July 25th, 2002. Your 24th birthday party, two weeks before you passed. You loved your nieces and nephews more than anything and we loved you right back.
Dear Uncle Jeff,
I got high for the first time last night—in my oral surgeon’s office, no less. Novocaine numbed my gums, and laughing gas permeated my nose. I felt the euphoric rush of tranquility wash over me as the doctor yanked out that little monster of a wisdom tooth. It truly was an outer body experience and when it was over I looked wildly at the surgeon and through a gurgled sedated state said, “Holy shit, can we do that again?” I know what you’re thinking. Me, the ‘say no to drugs’ gal. I made a promise to you and myself from a young age to help people who were struggling with addiction and fight the mental health stigma.
You’d be surprised to know that well into 2017 people are still abusing narcotics (Think: Heroin and painkillers) more than ever. In a New York Times poll earlier this year, the study reveals drug overdoses are now the leading cause of death among Americans under 50 with 59,000 people dying in 2016 alone. (Holy smokes, I know). In a lot of other ways too it’s like we never really left the 90’s. I even went to go see one of our fave bands, RHCP, a few years back. Anthony Kiedis is still alive and well, can you believe it? His bestselling book about addiction, ‘Scar Tissue,’ is one of my all time faves.
But I digress.
Whether you know it or not you taught me a lot about perspective, how to view the world and the people who inhabit it. You’ve taught me not to judge people based on their internal fight an outsider like me might not know they’re fighting. Because I know now how hard you tried, how hard you fought to overcome it. That bad and good are blanket words and don’t factor into a person’s whole being. Because we’re all many different people. Sometimes I feel 8 people living inside me, sometimes 10. We’re multifaceted creatures, and that’s a beautiful thing. I try to look at people’s character separate from their actions. Because when I think of you I don’t think of you in your struggle and in your death, because I never knew what you were going through. I think of you in your life, the short time we spent together, through your letters, and see a pure sweet soul. I think of you standing on my doorstep in the pouring rain handing me my 6th birthday present. A light up lamp occupying one of the bedrooms in the doll house my parents got me. How fitting as you emitted so much light in the 24 years you spent on this earth. After you passed I carried it around school when I missed you, so that I could always have a part of you with me.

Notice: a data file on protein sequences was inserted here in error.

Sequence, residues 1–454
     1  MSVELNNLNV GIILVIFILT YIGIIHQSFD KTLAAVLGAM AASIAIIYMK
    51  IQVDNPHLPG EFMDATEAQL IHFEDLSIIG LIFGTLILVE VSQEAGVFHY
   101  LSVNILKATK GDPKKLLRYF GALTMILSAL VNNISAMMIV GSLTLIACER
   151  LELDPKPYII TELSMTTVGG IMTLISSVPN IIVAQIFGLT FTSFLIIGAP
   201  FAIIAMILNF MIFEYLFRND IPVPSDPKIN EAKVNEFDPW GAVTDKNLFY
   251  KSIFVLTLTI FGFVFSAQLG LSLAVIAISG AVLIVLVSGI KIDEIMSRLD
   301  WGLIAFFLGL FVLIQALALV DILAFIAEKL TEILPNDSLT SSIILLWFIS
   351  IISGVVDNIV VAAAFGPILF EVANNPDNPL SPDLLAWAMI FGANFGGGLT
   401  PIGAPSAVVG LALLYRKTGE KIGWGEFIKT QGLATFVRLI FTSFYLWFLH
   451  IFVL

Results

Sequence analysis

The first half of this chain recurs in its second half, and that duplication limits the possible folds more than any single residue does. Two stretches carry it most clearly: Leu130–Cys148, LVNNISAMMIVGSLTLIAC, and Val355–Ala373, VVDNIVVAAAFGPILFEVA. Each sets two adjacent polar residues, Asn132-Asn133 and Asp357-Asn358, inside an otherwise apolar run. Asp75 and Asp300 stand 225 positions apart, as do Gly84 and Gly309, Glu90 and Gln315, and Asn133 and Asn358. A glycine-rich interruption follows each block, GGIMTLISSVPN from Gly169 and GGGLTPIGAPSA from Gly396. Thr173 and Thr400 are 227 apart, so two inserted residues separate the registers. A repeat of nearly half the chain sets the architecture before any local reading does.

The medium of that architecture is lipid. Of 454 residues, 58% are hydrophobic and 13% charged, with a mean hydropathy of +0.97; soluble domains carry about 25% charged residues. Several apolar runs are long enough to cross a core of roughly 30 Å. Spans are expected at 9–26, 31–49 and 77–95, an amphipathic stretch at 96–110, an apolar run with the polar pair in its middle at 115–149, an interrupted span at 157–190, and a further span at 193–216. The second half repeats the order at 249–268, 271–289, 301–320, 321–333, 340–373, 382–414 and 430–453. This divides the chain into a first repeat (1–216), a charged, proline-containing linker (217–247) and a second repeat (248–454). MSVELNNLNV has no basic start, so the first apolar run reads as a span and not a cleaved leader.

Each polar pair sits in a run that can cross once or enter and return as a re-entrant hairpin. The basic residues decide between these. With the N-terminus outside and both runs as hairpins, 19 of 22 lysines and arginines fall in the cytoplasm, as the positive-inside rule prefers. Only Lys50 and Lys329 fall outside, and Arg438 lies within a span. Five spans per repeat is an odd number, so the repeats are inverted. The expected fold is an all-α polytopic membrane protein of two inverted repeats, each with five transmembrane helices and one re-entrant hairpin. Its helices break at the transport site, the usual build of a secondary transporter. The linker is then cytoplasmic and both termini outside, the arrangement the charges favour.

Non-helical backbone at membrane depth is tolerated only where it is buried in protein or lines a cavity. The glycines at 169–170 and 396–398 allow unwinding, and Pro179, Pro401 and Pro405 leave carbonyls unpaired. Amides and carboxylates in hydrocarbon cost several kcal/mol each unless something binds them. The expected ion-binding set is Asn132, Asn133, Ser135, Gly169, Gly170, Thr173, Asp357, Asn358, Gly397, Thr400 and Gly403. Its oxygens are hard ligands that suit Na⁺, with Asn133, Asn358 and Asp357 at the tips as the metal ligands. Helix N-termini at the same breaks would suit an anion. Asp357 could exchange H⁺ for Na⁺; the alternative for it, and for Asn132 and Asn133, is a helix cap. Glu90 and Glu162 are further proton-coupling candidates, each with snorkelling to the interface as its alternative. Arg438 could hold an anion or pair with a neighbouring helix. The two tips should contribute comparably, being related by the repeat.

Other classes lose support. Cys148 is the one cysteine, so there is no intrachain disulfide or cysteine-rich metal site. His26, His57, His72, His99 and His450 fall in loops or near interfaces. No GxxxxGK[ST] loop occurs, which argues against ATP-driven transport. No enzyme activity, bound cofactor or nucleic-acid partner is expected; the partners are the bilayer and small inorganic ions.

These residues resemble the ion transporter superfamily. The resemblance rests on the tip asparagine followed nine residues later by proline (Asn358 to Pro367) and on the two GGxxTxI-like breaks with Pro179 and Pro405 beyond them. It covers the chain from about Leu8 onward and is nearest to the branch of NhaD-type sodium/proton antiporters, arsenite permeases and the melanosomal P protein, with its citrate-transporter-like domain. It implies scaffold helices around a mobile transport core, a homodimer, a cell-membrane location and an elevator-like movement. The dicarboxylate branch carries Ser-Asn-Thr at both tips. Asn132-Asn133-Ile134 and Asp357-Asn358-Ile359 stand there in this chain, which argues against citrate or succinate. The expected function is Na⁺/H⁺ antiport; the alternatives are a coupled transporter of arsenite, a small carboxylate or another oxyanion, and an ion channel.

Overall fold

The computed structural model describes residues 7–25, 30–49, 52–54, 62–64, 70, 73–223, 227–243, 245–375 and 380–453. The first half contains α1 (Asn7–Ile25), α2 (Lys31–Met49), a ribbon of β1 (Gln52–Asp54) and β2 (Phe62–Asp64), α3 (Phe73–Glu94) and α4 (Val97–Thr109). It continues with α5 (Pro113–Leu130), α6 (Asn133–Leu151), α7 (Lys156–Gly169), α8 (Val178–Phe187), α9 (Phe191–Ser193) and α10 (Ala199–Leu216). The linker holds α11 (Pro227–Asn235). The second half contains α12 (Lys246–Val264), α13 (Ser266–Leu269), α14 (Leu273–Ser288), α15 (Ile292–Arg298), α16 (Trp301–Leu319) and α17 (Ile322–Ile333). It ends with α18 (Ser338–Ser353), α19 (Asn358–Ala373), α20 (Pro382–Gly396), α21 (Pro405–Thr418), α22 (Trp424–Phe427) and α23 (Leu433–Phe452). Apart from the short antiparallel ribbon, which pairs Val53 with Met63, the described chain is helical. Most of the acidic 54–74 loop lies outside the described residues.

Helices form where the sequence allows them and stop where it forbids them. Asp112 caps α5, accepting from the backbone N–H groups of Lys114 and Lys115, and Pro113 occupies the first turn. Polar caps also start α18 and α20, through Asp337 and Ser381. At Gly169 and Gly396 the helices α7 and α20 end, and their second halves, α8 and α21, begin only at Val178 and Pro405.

I never used to say the word drug without flinching but over the years, as I will soon be approaching the age of your death, I’ve realized everybody has a drug. Everybody has a remedy or a vice to take away their own personal struggle. From a young age, writing was my drug. It continues to be my drug and I don’t plan on stopping my addiction any time soon. As soon as pen hits paper I feel transfixed. I get so caught up in the English lexicon; it never ceases to fascinate me. Words are my cocaine. Syllables and adjectives and hyphen’s are my euphoria. Idioms and platitudinous proverbs are my high. I snort my words like they’re freshly lined up, waiting for me to breathe in. It gives me life.